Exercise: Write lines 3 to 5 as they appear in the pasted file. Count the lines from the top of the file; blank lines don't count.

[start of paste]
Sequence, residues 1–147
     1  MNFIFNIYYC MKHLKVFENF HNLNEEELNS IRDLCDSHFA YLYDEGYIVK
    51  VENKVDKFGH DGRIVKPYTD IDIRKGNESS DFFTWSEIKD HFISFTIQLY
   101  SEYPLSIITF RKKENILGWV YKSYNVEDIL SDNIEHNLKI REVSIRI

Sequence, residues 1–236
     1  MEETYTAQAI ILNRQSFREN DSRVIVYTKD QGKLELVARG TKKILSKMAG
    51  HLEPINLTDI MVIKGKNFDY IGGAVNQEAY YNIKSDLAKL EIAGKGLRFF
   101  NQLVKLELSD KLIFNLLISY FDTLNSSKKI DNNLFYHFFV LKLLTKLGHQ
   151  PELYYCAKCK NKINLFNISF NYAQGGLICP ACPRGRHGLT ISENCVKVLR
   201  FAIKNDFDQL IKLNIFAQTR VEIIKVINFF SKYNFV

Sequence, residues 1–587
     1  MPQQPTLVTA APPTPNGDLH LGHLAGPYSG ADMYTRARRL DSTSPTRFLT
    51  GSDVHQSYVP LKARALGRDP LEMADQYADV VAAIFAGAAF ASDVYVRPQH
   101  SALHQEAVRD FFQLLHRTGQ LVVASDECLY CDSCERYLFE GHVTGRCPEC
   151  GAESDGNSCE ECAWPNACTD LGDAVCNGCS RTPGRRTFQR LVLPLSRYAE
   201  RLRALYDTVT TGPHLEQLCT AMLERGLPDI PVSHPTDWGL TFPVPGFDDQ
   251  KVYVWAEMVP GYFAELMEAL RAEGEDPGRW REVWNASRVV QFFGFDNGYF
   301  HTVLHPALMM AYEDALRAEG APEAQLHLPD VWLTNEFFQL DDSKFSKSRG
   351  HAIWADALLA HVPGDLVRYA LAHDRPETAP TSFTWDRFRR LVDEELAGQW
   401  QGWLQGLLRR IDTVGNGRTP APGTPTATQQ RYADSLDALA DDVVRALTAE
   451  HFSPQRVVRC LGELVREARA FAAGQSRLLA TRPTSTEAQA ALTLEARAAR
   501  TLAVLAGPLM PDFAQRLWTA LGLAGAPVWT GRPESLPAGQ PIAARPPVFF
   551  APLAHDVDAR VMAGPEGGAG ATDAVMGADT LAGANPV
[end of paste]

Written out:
    51  VENKVDKFGH DGRIVKPYTD IDIRKGNESS DFFTWSEIKD HFISFTIQLY
   101  SEYPLSIITF RKKENILGWV YKSYNVEDIL SDNIEHNLKI REVSIRI

Sequence, residues 1–236